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ECB to Launch New Bond-Buying Program to Combat Coronavirus Slowdown

The European Central Bank unveiled a new EUR750 billion bond-buying program aimed at shielding the eurozone economy from the spreading coronavirus, casting aside longstanding taboos to send a determined signal to investors that the bank will stand behind the region’s embattled governments.

The unexpected move, following days of delay and mixed messages from the ECB, underscores the high level of urgency among policy makers in Europe, which has emerged as the new center of the fast-moving global crisis.

Borrowing costs for Southern European countries have jumped in recent days, reflecting concerns that the region’s governments might struggle to meet their obligations as spending demands increase. That has revived memories of the eurozone debt crisis nearly a decade ago.

While analysts cheered the ECB’s move, it could raise fresh concerns in the region’s largest economy, Germany, where officials have long worried about overreach by the ECB.

In a statement, the bank said it would buy EUR750 billion of public- and private-sector assets at least through the end of the year, and possibly beyond. The purchases — dubbed the Pandemic Emergency Purchase Program — will include Greek government debt, which was excluded under earlier ECB bond-buying programs.

The decision came during an unscheduled late-night conference call among top ECB officials, on a day when borrowing costs for governments like Italy and Spain jumped as the virus roiled and shuttered the region.

“This looks like a game-changer for the euro area economy and markets,” said Frederik Ducrozet, an economist with Pictet Wealth Management in Geneva.

It means the ECB will be able to buy almost EUR120 billion a month of eurozone debt for the rest of the year — the largest amount ever. Under the rules of the program, the ECB could focus its purchases in the short-term on Italy and other struggling governments.

“It sends a very, very strong signal to markets,” said Torsten Slok, chief economist at Deutsche Bank Securities in New York. “This is the bazooka.”

The decision marks an about-turn for the ECB, which had dragged its feet for weeks about the need for aggressive monetary stimulus, even as major central banks like the Federal Reserve announced deep interest-rate cuts and other actions to help combat the virus.

Last Thursday, ECB President Christine Lagarde stressed at a news conference that the bank was “not here to close spreads,” suggesting it wouldn’t intervene to narrow the difference in borrowing costs between Germany and Italy.

That comment stunned investors, and the ECB quickly sought to walk it back. The incident called into question the ECB’s carefully crafted role as an effective lender of last resort to eurozone governments. The ECB is prohibited under European treaties from financing governments, but European courts have supported its right to use bond purchases to calm markets.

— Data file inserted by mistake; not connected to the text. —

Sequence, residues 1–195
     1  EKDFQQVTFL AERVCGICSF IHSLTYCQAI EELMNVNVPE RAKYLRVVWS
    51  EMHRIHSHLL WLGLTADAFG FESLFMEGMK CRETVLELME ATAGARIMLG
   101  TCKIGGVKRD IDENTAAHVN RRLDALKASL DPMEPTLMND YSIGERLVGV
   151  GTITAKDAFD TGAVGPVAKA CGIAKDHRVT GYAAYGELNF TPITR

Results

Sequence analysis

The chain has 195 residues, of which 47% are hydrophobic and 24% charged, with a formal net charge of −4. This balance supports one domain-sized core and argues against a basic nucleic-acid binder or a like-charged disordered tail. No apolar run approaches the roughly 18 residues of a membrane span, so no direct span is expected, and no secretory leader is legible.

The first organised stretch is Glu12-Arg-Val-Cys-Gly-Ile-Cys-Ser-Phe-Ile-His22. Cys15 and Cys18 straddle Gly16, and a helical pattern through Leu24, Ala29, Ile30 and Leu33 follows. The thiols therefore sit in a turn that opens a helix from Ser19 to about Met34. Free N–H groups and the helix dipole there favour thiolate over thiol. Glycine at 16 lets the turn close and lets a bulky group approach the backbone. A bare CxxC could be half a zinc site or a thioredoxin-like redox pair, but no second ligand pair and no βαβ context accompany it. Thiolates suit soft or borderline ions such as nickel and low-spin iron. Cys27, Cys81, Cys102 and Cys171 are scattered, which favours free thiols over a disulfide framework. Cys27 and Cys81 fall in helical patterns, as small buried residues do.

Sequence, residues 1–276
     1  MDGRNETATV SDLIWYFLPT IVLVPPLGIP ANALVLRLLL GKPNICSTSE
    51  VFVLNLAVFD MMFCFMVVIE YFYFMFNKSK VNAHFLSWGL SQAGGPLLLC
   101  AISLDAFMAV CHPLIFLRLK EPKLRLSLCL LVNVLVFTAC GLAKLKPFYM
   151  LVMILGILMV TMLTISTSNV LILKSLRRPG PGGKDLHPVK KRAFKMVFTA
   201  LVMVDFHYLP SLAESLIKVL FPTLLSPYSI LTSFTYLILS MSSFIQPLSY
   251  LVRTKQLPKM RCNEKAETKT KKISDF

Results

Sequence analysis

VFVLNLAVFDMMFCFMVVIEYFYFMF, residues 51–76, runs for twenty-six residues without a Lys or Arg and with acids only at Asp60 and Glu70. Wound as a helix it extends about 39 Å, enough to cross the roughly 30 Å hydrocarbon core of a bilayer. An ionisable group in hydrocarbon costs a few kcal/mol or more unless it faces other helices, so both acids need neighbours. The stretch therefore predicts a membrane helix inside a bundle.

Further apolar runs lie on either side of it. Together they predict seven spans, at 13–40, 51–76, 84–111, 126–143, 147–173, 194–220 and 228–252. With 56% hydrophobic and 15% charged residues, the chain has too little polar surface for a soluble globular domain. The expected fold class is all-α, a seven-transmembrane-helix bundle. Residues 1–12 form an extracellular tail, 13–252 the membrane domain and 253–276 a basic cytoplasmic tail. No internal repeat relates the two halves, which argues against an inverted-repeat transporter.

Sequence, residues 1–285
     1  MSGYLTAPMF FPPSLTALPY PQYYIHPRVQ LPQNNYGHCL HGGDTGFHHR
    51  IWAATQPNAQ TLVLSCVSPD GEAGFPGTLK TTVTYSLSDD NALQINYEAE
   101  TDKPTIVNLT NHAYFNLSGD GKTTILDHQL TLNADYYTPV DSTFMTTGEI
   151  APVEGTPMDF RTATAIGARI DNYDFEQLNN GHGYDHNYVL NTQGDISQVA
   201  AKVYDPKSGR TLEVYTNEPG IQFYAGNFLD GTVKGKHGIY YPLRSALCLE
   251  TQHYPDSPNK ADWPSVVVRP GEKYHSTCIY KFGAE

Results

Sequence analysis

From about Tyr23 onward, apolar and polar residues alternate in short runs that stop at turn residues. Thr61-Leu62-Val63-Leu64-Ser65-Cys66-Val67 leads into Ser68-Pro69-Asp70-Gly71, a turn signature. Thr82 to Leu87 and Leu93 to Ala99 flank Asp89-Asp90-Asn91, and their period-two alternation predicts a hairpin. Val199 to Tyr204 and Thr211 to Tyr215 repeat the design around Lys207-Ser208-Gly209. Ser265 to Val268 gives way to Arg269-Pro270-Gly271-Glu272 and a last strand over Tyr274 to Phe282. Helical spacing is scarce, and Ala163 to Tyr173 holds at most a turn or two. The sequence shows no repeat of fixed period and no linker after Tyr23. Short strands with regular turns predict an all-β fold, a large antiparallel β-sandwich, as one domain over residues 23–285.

As Italy’s sovereign debt came under pressure this week, however, the ECB intervened in the market via the nation’s central bank, according to a person familiar with the matter. It also sought to redirect remarks by senior officials suggesting that the bank would take no further action.

“It has intervened in a flexible but intense way due to the volatility of markets,” the person said.

The ECB declined to comment.

In a confusing twist Wednesday, Austrian central-bank Gov. Robert Holzmann suggested in an interview that investors were right in assuming that the ECB would do little more to support the economy.

He even suggested that a downturn in Europe might have a positive, cleansing effect on the economy by eliminating businesses that aren’t viable. “One should be careful that only the firms capable of surviving do survive, and that others that would have failed even without a crisis don’t survive,” Mr. Holzmann said.

A spokesman for Mr. Holzmann declined to comment further on his remarks, which prompted a swift response from the ECB. The bank said its top officials were united in their desire to use all their tools to support the region’s economy.

Still, Italy’s 10-year government bond yield rose above 3% on Wednesday for the first time in more than a year, as investors worried that the ECB wouldn’t step in to support Rome. The Greek equivalent traded above 4.1%, compared with less than 1% several weeks ago.

“This is the perfect storm,” said James Athey, an investment manager at Aberdeen Standard Investments. “Liquidity has essentially evaporated, the BTP [Italian government bond] market has essentially broken today. There are basically no bids and a lot of sellers.”

The ECB’s actions later Wednesday signal a new level of urgency.

On a conference call with European Union leaders on Tuesday, Ms. Lagarde said the eurozone economy would likely contract by 1.3% this year if business shutdowns lasted for one month and shrink by around 5% if the shutdowns lasted three months, according to a person familiar with the matter. The latter would represent a fiercer downturn than the financial crisis.

In its statement late Wednesday, the ECB suggested it might alter self-imposed limits on its bond-buying program, breaking a longstanding taboo. That would potentially give the bank room to buy more than a third of the outstanding debt of governments like Italy. It could also raise legal concerns in Germany, where the ECB has faced multiple lawsuits over its bond purchases.

The move underscores the urgency among ECB officials, said Mr. Slok. “It’s an attempt to try to calm markets down and stabilize them while they wait for the shock to subside.”
Source: Dow Jones

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